A decade of progress since the Edgecumbe earthquake
Risk and insurance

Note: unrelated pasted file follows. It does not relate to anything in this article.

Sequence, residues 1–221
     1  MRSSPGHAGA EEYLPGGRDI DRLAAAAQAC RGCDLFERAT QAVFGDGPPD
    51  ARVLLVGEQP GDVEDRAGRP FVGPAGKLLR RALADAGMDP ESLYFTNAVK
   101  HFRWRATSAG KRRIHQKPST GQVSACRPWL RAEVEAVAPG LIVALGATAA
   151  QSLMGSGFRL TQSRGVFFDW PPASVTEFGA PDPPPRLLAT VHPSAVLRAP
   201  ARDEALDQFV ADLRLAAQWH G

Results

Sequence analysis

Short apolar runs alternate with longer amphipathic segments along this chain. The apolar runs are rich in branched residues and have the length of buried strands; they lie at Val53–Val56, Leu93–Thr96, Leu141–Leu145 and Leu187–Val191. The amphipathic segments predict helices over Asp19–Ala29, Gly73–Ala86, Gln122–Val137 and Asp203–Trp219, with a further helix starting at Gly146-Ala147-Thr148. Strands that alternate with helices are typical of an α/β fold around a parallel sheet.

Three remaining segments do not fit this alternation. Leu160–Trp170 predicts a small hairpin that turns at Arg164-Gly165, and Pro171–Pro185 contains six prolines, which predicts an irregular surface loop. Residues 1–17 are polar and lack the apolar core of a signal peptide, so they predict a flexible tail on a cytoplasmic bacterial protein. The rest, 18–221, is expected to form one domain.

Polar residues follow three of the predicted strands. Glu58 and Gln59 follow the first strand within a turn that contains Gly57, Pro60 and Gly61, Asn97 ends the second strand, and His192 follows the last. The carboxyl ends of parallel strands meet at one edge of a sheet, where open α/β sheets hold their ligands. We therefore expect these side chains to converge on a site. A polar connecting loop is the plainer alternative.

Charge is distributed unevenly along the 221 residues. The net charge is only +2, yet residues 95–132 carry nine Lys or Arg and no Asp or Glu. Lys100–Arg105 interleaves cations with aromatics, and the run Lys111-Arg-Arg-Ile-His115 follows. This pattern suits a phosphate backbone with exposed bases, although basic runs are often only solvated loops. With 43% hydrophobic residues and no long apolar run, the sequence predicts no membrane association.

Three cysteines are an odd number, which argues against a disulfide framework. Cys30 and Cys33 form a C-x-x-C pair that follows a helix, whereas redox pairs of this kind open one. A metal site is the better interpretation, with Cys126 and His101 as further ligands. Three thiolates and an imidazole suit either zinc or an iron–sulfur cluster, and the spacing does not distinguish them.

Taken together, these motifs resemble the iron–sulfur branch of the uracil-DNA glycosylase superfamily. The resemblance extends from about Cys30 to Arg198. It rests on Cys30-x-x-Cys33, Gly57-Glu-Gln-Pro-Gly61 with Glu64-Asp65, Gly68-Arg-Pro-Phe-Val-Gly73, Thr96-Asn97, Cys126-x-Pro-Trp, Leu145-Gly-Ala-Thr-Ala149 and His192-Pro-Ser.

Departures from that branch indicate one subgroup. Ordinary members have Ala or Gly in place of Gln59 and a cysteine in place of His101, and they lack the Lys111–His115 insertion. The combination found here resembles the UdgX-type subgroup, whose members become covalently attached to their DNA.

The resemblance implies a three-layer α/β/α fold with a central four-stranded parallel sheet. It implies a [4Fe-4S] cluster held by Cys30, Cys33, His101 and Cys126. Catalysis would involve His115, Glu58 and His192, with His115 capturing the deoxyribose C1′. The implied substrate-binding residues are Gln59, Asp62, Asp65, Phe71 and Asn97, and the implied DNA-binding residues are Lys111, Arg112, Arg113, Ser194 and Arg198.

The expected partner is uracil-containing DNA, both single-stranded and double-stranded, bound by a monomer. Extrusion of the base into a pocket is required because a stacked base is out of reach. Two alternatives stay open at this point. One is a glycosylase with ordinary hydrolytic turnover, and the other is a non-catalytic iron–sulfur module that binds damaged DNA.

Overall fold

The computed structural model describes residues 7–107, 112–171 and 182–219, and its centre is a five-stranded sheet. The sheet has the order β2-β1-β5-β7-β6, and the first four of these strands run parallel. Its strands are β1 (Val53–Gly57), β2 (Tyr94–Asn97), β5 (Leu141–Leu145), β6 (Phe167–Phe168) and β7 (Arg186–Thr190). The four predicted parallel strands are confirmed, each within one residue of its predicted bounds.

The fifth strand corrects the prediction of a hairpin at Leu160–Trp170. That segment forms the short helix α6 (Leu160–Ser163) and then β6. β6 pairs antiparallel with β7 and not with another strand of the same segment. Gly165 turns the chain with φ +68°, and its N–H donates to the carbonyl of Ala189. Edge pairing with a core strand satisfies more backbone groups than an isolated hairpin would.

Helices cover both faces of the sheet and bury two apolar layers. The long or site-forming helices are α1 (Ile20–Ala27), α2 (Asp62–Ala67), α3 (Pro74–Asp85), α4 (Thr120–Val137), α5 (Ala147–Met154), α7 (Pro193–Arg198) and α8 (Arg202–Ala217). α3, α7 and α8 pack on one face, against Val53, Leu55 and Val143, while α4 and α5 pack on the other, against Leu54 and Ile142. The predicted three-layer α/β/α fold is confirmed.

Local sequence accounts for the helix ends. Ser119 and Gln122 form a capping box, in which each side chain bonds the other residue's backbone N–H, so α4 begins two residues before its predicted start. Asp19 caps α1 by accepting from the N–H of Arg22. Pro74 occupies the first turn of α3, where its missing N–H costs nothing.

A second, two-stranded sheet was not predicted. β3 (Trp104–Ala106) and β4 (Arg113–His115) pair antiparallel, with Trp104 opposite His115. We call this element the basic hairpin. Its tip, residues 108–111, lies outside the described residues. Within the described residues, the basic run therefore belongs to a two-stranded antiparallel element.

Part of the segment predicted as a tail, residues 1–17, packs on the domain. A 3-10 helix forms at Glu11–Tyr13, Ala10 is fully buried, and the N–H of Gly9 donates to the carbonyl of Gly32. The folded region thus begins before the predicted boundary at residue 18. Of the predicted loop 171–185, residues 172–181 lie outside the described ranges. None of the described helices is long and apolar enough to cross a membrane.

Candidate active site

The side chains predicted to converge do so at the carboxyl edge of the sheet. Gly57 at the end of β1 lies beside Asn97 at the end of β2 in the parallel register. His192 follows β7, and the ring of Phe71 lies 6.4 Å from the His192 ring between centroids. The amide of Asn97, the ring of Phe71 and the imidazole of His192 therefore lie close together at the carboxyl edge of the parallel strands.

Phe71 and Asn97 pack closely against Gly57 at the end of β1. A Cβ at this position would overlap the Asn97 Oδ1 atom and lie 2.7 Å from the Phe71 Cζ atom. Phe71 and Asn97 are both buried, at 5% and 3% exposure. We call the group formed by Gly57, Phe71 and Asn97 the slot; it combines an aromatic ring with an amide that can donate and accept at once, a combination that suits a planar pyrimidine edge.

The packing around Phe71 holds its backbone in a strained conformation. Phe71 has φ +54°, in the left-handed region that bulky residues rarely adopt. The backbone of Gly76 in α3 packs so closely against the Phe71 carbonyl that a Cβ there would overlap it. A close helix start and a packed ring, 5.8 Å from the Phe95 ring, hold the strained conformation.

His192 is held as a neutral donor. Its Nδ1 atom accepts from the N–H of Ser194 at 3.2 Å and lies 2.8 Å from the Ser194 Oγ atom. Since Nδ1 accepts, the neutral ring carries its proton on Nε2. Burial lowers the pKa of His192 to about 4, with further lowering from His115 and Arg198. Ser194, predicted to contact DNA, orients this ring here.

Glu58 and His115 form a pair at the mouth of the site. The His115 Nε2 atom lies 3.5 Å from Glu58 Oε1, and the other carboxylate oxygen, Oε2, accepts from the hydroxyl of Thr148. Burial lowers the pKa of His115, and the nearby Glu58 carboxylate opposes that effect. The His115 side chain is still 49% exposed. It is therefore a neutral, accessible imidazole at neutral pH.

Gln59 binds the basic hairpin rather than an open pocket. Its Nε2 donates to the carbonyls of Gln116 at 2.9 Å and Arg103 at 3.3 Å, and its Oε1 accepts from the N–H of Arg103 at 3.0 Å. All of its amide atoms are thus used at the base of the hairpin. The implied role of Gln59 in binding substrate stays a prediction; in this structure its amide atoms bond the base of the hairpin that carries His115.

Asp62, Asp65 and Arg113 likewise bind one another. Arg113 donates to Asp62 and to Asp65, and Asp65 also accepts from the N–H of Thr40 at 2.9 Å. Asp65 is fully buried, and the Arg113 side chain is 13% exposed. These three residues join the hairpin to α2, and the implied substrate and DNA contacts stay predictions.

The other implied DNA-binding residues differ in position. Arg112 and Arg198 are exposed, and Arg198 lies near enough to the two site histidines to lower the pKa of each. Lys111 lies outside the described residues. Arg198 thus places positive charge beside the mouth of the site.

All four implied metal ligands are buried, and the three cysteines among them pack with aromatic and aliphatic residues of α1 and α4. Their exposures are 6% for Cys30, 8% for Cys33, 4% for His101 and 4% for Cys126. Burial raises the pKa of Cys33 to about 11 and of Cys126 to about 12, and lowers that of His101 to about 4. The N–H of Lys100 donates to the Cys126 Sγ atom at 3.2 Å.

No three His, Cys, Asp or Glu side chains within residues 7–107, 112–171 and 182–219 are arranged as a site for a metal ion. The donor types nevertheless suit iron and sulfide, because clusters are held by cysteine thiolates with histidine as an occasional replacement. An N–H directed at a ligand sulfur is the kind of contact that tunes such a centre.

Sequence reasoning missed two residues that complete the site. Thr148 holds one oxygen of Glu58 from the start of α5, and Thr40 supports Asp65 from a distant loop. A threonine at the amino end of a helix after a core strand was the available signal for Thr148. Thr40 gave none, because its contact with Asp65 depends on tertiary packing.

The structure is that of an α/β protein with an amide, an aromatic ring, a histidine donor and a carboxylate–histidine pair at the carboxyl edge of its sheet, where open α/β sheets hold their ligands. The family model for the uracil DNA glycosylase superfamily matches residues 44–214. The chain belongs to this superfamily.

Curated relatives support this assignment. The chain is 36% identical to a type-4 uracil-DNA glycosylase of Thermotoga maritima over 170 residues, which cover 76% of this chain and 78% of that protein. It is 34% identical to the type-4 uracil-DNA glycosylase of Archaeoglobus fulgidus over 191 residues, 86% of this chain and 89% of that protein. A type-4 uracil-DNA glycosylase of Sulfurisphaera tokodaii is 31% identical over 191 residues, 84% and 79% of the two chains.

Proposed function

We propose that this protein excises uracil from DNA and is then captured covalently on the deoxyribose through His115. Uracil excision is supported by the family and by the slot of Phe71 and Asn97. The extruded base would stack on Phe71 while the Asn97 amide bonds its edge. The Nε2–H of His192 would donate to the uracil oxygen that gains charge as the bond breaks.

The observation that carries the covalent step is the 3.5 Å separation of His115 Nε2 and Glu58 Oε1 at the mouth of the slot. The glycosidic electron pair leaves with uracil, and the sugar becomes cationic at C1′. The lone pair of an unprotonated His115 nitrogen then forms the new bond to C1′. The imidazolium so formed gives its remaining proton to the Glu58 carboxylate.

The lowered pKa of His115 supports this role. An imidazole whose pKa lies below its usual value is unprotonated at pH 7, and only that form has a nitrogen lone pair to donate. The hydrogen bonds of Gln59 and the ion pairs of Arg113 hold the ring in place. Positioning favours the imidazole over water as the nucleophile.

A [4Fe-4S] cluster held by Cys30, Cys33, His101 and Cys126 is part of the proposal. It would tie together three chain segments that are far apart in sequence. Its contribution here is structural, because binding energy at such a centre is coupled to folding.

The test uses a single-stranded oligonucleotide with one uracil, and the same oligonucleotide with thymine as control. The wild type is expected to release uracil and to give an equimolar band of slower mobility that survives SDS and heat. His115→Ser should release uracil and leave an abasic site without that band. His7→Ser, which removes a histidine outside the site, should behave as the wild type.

The 2 March 1987 Edgecumbe earthquake of magnitude (ML) 6.3 resulted in a total loss of some NZ$430M and an insured loss of about NZ$330, (non inflation adjusted). Coupled with other world wide natural disasters resulting in large loss costs, particularly insurance costs, the Edgecumbe earthquake contributed to increasing international costs from natural hazards. As well as putting increasing demands on the world insurance markets it also drew attention of insurers to the potential of earthquake loss in New Zealand. With insurance at higher premium rates, and in some situations difficult to obtain cover, there developed increasing demand for loss assessments and risk management applications. The basic development of earthquake loss methodologies had been established in the early 1980's. Developments of the decade following the Edgecumbe earthquake have focused on refinement of these methods, research and collection of data, applications of computer systems, and extensions to other applications.
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